« Reply #2 on: March 17, 2012, 11:50:35 PM »
Okay, I'm listening.

This is the one subject that bothers me so, because there is a 'going by the book' way of writing grammatically correct and then there is the voice. And yes, I've purposely added a line or two of what might be considered 'fluff' just to help with the pace of a scene. If you start slashing through some of it,  seems to me one risks throwing off the balance or editing out all the emotions.

Offline 510bhan

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Re: ‘Word-Economy’ // A coffee-clutch discussion please.
« Reply #3 on: March 18, 2012, 12:15:01 AM »
I've been going back through my WIP and some of the writing is too 'clean' and sterile. Grammatically correct, nice and tight but boring and predictable.  >:( So I've actually been trying to inject more emotion and excitement into it. I've changed sentences to add 'ing' words as they seem more relaxed and natural, a few 'ly' modifiers have been given space and 'was' has made the grade when the sentence structure changed after spotting too many same sentence starters or similar 'weights'. :-[ :-[ :-[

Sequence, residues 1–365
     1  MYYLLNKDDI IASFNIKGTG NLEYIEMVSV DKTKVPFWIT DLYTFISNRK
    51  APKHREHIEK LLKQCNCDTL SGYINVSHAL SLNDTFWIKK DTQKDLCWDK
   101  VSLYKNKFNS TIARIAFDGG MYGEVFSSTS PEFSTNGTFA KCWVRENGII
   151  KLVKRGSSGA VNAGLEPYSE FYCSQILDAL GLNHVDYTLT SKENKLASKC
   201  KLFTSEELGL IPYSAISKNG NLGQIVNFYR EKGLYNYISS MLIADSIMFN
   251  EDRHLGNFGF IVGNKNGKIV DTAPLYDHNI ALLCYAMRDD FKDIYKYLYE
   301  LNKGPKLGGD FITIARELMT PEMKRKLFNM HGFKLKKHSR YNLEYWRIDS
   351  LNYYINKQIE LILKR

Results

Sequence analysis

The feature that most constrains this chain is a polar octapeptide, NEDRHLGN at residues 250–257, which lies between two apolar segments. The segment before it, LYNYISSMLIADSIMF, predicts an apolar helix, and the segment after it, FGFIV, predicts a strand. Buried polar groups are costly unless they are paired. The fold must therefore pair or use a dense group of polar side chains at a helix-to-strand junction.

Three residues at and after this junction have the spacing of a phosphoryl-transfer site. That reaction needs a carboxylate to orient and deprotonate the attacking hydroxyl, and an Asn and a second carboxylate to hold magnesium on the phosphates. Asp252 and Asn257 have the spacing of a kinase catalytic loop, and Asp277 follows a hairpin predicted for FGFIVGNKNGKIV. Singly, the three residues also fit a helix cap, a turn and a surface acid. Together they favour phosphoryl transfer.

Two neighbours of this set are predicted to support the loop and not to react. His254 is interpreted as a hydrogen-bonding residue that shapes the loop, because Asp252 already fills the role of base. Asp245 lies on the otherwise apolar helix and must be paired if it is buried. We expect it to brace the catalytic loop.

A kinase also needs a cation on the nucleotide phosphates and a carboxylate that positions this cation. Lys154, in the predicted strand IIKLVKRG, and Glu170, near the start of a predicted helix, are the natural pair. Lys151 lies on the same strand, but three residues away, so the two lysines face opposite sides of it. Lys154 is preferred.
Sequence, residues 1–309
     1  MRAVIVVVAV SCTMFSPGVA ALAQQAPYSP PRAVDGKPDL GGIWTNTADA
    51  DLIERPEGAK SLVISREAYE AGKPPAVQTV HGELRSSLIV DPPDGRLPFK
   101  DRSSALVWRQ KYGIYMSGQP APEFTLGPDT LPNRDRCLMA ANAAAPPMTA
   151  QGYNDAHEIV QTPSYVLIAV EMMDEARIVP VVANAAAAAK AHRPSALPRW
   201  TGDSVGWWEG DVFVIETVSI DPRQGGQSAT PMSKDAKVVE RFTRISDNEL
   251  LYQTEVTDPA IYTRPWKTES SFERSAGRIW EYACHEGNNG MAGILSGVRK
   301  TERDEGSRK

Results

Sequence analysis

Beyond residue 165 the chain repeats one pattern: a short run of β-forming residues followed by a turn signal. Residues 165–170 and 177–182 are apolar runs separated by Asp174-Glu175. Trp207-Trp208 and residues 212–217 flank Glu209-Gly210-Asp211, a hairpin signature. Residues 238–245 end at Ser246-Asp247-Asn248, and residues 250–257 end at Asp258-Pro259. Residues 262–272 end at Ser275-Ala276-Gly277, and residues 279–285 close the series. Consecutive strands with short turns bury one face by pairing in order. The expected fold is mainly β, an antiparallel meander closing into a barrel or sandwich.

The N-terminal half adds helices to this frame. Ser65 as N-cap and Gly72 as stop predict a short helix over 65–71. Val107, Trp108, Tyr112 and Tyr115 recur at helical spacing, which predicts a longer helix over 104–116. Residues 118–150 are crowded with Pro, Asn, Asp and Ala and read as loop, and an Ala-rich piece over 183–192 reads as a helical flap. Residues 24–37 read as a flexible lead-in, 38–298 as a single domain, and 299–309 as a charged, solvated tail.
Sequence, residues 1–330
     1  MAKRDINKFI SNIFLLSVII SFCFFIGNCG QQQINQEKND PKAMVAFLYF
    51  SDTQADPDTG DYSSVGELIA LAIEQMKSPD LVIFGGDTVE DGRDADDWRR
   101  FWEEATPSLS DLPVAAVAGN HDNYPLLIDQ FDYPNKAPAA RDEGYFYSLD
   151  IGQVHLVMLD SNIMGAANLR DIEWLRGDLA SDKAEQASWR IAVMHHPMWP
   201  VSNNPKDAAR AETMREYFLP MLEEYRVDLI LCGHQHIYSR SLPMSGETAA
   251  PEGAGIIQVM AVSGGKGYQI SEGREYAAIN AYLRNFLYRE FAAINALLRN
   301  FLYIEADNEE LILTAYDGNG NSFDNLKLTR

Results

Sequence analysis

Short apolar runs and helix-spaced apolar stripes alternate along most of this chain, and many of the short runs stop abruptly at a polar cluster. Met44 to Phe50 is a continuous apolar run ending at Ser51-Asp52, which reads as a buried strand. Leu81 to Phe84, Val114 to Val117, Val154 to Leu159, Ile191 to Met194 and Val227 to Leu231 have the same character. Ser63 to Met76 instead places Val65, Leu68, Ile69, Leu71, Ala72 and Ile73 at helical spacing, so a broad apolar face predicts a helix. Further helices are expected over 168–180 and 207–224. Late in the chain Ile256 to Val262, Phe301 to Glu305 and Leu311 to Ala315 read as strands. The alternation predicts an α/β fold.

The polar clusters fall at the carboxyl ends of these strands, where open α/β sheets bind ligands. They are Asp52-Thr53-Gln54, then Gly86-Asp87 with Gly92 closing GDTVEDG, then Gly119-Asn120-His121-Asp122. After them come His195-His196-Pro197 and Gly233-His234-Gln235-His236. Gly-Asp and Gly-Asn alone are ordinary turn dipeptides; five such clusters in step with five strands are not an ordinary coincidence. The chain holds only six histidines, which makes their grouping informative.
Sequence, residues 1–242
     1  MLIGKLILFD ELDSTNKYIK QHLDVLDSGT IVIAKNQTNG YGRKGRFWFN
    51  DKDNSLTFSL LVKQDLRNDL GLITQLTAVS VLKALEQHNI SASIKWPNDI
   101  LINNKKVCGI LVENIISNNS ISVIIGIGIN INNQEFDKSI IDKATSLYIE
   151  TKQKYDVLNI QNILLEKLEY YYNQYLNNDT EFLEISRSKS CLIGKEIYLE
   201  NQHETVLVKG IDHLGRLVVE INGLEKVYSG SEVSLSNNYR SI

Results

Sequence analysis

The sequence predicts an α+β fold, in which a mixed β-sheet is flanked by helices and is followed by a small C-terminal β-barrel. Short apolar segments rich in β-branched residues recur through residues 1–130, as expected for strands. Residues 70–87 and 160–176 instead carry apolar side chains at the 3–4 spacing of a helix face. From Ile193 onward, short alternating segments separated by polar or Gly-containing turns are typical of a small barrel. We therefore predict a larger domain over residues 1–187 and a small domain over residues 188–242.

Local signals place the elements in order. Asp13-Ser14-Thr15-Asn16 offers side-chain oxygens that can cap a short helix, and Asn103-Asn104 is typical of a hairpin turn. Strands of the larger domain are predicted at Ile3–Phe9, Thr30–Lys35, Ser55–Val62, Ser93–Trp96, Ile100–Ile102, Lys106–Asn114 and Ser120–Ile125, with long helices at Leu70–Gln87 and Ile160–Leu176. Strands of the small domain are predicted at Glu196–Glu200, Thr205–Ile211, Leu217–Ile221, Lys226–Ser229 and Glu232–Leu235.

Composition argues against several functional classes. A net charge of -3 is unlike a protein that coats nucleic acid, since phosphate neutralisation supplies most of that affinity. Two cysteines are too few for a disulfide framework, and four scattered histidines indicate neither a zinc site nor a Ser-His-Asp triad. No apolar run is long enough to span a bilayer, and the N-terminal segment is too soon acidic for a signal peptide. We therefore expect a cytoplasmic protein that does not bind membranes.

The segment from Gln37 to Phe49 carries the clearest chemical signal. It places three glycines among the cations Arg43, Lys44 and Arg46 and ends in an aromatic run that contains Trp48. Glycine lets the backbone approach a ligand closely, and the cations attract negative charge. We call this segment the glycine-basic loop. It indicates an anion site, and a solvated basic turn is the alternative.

For me it's easier to add in rather than take out because I have a better control of the balance when I know the bulk of it is 'clinical' -- bit like a show house or a hotel. I want it more homey than a boutique hotel with chambermaids, room service and eye catching flower displays -- the same in every suite. Pretty as they are, they need a bit of mussing to make them comfortable. You couldn't stay in one for a long period of time without a few of your own things around you.
« Last Edit: March 18, 2012, 12:43:44 AM by 510bhan »

Offline Skip Slocum

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Re: ‘Word-Economy’ // A coffee-clutch discussion please.
« Reply #4 on: March 18, 2012, 12:38:23 AM »